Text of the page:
Fun With TVTropes

Submitted by C B Wright on

I love TVTropes. I think it's one of the greatest websites in the history of ever, and I'm fascinated at the sheer volume of tropes that contributors have added to it.1

Anyway, last night I stumbled across the entry for Captain Ersatz and decided I had to add Liberty from Curveball as an example, because duh. And then I wondered what other tropes I could find that are represented in that work.

I have thirty so far.

A quick note on Music, Alienation, and Curveball

Submitted by C B Wright on

I like to listen to music when I'm writing. A lot of people do--there are people who find music or any other kind of noise distracting, but if I'm listening to the right music at the right time I find my ability to write increases a thousandfold, and "thousandfold" is a pretty good factor of increase. So for my writing projects I like to come up with playlists that reflect not necessarily the mood of the story, but the mood I want to be in when I'm writing the story. So my writing playlists are usually some combination of "songs that I like" and "songs that I like that are also sort of thematically appropriate."

I have posted the playlist I used when I wrote Pay Me, Bug!, and the playlist I use when I write The Points Between. I have yet, however, to post a playlist for Curveball. It's still a work in progress.

But I do want to talk about one song. It's a very important song that I play every time I sit down to write about CB. If you know me, you'd be surprised by the song. It's not what you'd expect.

Harry Harrison: 1925-2012

Submitted by C B Wright on

Harry Harrison has died.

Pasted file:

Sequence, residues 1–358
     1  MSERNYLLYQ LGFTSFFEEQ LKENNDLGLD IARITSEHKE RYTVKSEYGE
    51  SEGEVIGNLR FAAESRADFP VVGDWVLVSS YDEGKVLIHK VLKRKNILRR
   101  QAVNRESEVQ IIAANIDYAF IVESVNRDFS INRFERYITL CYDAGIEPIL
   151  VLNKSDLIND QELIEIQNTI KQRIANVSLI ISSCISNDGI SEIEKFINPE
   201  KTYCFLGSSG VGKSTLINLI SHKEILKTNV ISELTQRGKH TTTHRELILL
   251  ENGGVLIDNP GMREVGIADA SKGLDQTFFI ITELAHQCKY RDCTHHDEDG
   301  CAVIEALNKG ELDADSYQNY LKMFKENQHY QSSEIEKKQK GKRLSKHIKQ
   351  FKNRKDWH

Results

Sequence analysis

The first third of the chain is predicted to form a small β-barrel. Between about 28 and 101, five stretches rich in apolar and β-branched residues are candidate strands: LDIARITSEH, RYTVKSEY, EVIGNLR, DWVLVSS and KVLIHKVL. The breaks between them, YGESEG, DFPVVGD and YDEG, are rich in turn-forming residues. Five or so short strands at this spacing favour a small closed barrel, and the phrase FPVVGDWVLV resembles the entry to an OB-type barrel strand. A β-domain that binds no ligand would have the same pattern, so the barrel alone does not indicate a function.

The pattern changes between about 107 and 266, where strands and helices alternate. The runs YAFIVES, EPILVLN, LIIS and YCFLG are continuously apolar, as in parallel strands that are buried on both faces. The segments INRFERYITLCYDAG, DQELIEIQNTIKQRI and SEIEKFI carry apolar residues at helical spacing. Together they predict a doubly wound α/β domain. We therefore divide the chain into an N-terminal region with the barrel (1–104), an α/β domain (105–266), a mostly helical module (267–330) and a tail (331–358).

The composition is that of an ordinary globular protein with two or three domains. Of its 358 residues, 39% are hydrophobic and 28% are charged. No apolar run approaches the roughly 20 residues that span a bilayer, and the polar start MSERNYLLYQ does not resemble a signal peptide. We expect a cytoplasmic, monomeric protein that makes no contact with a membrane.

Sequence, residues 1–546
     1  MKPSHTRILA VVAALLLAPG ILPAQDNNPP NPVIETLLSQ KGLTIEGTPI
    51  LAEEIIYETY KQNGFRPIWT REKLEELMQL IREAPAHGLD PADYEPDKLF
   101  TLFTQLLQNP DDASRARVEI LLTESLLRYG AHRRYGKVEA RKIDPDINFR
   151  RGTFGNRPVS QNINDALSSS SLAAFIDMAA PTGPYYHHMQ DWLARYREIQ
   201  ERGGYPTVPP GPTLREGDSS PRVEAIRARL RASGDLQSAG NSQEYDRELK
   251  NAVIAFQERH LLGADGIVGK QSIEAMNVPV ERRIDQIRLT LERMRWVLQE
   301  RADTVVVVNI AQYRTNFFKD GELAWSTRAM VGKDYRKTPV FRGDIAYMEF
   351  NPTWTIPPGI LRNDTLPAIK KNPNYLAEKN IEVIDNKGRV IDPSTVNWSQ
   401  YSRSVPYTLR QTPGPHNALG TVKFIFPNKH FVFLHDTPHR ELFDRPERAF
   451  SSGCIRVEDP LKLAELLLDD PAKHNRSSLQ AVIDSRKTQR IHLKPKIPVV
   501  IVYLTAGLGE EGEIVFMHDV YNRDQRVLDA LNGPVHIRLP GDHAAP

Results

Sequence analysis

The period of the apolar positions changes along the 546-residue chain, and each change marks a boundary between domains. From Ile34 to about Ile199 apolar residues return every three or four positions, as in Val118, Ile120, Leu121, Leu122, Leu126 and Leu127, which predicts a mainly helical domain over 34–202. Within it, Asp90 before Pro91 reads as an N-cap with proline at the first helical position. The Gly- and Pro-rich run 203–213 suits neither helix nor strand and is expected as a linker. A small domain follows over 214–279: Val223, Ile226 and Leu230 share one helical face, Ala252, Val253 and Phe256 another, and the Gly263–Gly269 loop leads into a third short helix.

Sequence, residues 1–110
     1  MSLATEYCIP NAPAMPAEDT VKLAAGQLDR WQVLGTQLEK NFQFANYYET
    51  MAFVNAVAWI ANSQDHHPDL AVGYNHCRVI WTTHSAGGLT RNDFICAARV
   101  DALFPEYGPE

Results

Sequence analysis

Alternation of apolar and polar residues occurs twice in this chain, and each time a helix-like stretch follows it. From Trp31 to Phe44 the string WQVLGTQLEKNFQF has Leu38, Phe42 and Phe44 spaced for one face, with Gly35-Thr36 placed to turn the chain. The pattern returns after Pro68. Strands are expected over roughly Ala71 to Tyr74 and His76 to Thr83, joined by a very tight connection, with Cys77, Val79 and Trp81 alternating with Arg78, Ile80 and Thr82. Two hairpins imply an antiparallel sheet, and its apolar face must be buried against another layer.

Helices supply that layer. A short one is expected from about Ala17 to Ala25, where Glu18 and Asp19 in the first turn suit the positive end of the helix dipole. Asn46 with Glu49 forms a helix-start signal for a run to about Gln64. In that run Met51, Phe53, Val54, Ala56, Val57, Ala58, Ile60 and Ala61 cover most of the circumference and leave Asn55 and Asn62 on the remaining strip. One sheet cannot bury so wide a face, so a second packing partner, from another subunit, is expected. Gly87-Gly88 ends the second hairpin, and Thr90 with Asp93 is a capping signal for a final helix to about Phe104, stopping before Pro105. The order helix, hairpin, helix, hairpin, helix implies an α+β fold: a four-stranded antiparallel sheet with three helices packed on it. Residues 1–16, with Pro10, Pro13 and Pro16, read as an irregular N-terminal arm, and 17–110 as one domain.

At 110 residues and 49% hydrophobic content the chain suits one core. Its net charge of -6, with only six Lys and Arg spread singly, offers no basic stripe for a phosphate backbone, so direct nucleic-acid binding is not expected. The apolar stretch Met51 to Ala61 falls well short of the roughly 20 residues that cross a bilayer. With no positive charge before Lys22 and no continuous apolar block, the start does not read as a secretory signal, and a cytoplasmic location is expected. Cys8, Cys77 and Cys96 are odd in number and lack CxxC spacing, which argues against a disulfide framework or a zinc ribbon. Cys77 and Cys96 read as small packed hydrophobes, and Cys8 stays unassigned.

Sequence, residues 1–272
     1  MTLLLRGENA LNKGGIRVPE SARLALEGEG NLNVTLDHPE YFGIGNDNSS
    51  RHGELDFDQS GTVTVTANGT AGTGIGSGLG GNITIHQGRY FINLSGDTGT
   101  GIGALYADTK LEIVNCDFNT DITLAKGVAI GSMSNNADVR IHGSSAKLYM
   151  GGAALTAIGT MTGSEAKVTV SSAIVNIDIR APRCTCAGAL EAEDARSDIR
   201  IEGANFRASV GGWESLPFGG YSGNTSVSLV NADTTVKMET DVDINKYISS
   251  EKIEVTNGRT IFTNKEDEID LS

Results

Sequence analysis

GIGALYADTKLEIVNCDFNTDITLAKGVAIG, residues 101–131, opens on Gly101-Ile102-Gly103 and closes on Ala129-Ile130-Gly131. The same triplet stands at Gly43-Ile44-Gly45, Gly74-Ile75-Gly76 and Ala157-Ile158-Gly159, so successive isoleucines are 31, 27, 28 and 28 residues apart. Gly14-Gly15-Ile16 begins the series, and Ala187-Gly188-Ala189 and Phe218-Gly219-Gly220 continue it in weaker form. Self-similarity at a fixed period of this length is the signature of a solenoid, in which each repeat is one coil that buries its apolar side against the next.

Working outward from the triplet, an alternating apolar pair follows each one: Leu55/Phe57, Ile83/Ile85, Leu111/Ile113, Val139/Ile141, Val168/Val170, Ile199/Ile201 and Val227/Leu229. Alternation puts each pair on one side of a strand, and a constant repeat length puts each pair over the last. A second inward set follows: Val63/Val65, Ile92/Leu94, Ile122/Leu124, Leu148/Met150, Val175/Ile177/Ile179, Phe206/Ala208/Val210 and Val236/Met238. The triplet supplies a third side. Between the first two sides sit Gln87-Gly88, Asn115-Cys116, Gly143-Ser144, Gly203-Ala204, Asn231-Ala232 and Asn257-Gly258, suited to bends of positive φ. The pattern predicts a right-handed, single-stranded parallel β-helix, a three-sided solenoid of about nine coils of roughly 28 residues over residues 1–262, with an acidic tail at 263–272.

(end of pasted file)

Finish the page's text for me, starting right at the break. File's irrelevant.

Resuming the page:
Damn. Damn, damn, damn.

Douglas Adams, Fritz Lieber, Harry Harrison.

As a writer, these are my influences. If you should happen to read Pay Me, Bug! and you find more than a passing resemblance between Grif Vindh and "Slippery" Jim DiGriz, well, there's a reason for that. There are authors out there that made me want to write. Adams, Lieber, and Harrison did one better--they showed me how I wanted to write. I've been chasing their style for most of my life, and to a certain extent I suspect I always will.

If you haven't read any of Harrison's work, you should. Now.

Harry Harrison's author page on Amazon.com

Harry Harrison on BarnesandNoble.com

(Why I Have Problems With) Writing Women Well

Submitted by C B Wright on

A much earlier, less complete version of this essay can be found on my Google+ account, from about a year back. What’s funny is that the essay back then had pretty much the same opening—DC Comics manages to remain relevant. Poor bastards.

DC Comics has become something of a punching bag—deservedly so, in my opinion—because people have noticed that the way women are, on the whole, being portrayed in the DC Universe is… um… less than flattering to women in the real world. It’s as if the guys running DC hit their mid-life crisis at exactly the same time, and instead of buying a sports car and trying to pretend they’re 201 they figured it would be easier to make the entire outlook of the DC Universe resemble that of a 13 year old boy going through a particularly rough patch of puberty.

  • 1. This is what is known as “the sensible approach.”